Inside the On-side Kick

Everybody easily recognizes the on-side kick formation. Very few outside of the officiating crew understand the mechanics and intricacies. Retired football official, Dr. Ronald North, sheds some light on the topic.

Ask any football official and you will undoubtedly get the same answer, "the kicking game is the hardest to officiate". It seems that more strange, unusual, and injury prone plays occur when one team tries to give the other team the ball. Perhaps the most difficult of all officiating plays is the "ON-SIDE" kick-off. Although we all know what we are discussing, the term ON-Side Kick does not really exist in the rulebook. However many rules have been inserted over time to deal with the on-side kick. In this article, let's review some of the pertinent rules and officiating mechanics involved with an on-side kick.

Most of the time, we can know from the stands when an on-side kick will be attempted. One team has just scored, is still behind, and needs the ball back. The rules state all players of the kicking team except the kicker (and holder if needed) shall be behind the restraining line at the time of the kick. The ball shall be kicked from some point on the kicking team's restraining line on or between the inbounds lines (Hash marks). For NCAA teams that line is the 30 yd/line unless relocated by penalty. The receiving team's restraining line is 10 yards beyond that line. Because teams tried to overload one side of the field for an on-side kick, a rule was introduced a few years ago that the kicking team must have at least 4 players on each side of the kicker. (The count includes the holder if one is needed.) Officials count the players, and won't allow the kick until both teams have the appropriate number of players on the field. The kicking team players must be inside the hash marks when the Umpire gives the kicker the ball, and the Referee blows the whistle for the ball to be ready for play, and the 25 second clock begins. At that time the players may move toward the sideline outside the hash marks.

The kicker may use a tee or may kick from the ground. In fact, the ball may be on the ground, resting in contact with the tee if the kicker so desires. The tee may not elevate the ball's lowest point more than 1 inch above the ground. If one reads the rules, a drop-kick is still legal for a kick-off, but is rarely used in today's game. (A punt may be used for a kick-off only after a safety, and usually from or behind the 20 yd/line unless relocated by penalty). If the ball falls off the tee, the whistle is sounded, the ball replaced, and the play clock restarted. A kicked ball after it falls off the tee, and the whistle blows, is deemed not to have been in play.

At the time of the kick, one official is stationed on each end of both the kicking and receiving team's restraining line, giving 4 sets of eyes on the happenings. First of all, the rule states a receiver must be given an unimpeded opportunity to catch the kick. That protection ends when the ball touches the ground, or is muffed by a member of the receiving team. So now the kicker kicks the ball into the ground directly off the tee, getting a short hop, and then a large, high hop. The officials must see that the ball has hit the ground to confirm the players do not now have protection to catch the ball.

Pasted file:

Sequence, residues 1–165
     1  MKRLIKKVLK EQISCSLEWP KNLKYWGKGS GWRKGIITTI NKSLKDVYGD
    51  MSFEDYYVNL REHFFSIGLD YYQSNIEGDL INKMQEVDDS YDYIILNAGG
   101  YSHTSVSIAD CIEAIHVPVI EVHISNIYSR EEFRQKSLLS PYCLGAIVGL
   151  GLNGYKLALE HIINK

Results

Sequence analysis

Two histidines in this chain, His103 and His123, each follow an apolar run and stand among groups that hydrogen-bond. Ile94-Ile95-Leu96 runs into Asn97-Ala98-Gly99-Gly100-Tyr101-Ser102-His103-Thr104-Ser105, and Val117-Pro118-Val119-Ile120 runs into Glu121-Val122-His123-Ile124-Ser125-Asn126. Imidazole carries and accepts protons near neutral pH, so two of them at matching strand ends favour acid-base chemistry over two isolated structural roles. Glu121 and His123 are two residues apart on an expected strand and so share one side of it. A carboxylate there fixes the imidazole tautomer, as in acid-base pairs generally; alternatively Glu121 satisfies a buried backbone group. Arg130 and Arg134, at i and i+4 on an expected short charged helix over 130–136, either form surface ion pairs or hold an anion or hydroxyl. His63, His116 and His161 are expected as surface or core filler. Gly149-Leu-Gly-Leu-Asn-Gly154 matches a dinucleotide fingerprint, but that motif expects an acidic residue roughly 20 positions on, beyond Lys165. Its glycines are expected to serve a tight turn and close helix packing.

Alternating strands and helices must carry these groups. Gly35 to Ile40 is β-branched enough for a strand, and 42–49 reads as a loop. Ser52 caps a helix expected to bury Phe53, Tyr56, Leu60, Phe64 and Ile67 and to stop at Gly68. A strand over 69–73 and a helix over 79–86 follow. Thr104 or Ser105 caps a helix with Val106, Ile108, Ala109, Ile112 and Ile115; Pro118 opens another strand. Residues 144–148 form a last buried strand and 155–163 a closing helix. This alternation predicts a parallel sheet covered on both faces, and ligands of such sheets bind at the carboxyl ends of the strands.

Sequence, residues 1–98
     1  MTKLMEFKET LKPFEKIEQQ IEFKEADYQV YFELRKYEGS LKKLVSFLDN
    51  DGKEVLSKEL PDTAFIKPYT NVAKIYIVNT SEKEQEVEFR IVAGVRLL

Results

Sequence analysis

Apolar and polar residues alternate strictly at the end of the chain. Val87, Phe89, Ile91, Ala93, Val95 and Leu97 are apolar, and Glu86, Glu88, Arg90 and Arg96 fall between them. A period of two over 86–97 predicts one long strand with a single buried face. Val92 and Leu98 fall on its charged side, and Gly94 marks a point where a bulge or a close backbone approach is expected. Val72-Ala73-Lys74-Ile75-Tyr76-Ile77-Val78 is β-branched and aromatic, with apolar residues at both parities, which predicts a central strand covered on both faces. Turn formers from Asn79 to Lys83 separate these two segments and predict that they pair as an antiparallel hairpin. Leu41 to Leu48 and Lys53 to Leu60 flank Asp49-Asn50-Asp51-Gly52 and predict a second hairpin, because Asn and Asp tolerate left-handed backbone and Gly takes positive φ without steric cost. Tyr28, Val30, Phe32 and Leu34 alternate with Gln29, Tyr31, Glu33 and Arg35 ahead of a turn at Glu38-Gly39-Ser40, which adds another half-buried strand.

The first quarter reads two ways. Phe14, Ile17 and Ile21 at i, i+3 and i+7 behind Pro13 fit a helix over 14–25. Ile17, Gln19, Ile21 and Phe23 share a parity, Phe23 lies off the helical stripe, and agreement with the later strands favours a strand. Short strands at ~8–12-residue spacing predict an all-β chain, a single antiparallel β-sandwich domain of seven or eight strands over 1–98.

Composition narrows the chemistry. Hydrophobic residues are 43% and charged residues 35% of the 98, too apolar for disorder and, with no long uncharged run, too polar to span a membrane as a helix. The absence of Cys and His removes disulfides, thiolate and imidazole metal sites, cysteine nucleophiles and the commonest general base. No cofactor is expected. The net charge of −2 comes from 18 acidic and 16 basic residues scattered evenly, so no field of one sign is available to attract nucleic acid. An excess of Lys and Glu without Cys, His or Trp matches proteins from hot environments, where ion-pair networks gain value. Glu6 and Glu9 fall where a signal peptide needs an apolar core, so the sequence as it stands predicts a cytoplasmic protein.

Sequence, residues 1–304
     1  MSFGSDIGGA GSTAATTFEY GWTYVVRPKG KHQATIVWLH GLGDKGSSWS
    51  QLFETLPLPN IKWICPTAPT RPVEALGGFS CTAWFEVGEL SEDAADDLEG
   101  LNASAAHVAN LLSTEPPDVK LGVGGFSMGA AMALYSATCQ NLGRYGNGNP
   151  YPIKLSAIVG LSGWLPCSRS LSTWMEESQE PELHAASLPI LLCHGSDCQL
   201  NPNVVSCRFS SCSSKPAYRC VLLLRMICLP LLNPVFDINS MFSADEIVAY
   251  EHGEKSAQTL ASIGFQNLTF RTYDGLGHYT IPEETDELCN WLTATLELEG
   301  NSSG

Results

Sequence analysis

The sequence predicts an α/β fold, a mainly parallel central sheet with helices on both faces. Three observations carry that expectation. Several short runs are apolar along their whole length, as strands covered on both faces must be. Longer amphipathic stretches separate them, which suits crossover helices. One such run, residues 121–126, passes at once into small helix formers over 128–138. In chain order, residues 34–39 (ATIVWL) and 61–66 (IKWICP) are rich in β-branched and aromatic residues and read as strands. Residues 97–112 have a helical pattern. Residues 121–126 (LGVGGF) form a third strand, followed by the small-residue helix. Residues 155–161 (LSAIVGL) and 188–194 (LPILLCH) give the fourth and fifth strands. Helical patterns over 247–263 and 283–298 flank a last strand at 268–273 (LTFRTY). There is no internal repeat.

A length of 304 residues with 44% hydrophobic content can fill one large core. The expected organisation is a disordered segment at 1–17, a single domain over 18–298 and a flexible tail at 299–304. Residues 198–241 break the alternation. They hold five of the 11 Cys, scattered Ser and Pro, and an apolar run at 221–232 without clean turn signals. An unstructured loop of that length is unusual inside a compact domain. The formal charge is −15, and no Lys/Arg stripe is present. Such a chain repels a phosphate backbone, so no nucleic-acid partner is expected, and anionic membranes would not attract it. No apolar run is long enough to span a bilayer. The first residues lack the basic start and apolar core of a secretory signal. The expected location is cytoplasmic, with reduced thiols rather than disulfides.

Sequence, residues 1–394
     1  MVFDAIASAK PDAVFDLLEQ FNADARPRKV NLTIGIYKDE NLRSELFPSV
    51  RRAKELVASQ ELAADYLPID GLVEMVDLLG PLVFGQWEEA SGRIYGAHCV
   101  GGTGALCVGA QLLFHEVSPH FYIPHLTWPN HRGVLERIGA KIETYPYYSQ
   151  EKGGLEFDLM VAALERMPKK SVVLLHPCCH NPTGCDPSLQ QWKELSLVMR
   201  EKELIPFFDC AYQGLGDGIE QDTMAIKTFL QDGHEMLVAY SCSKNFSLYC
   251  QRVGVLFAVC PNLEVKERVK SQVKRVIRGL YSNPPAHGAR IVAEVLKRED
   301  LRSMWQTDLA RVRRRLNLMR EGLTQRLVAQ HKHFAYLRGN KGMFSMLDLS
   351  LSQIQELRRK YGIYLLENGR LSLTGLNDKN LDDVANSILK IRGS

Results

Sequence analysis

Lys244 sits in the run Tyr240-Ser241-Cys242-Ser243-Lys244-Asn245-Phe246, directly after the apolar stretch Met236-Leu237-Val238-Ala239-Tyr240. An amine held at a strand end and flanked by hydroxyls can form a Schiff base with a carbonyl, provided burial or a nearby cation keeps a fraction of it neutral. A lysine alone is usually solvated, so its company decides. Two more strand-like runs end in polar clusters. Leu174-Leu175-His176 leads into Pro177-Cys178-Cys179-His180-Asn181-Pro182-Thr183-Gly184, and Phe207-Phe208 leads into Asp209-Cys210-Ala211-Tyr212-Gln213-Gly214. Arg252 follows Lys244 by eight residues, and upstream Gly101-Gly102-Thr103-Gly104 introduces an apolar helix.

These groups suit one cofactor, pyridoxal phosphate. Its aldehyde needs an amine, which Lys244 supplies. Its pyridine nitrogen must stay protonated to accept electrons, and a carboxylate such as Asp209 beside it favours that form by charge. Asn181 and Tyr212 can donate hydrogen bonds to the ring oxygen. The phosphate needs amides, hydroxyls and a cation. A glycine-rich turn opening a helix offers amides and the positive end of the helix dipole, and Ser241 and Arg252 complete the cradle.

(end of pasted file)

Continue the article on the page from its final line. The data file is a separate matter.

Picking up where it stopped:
Once the ball is kicked, the officials must rule whether everyone is behind the restraining line and a flag is thrown as a live ball foul if one is offside. The play continues. For a member of the kicking team to legally touch or recover the ball, the ball must have broken and remained across the plane of the receiving team's restraining line (10 yards), or have touched a receiving team member, or touched any player, ground, or official beyond the receiving team's restraining line. WOW! If a kicking team player touches the ball before any of the above occurs, a beanbag is dropped at the location of the illegal touching, and the play continues. When the play is over, the receiving team has the option of taking the ball at that point of illegal touching, if no fouls have been accepted. Illegal touching is a violation and does not offset a foul. Then a player being blocked by an opponent into the ball is NOT deemed to have touched the kick. This is another thing on which an official must quickly see and give a ruling.

Who ends up with the ball?

The pile builds rapidly and players are slow to get up. Under it all the players are fighting each other for possession. The official must dig into the pile to determine possession. Simultaneous possession is awarded to the receiving team.

If the ball takes too long and high of a bounce, and goes out of bounds untouched by a member of either team, then a flag is thrown for a kick out of bounds, and the choices are: (1) ask for a re-kick after a 5 yd penalty (doubt this will be a viable choice); (2) take the ball 30 yards from the point of the kick (usually the choice only if the kick is longer than 30 yards); or (3) take the ball after a 5 yard penalty from where the ball went out of bounds. On a short kick, that is often the best option.

Finally, a kicking team player may not block a receiving team player until the kicking team is eligible to touch the ball. The play in which 3 kicking players run into and block the receiving players backward so another kicking team member has an easy chance to recover is illegal; the kicking team blocked before it was eligible to touch the ball.

The next time you see an on-side kick, watch and see if you can spot all the above; did a foul occur; was there blocking too soon; did the ball go 10 yards; was the ball first touched by the kicking team before they were eligible to touch it; and would you have been accurate in your call? Oklahoma can tell you the officials at Oregon didn't exactly get it all right.

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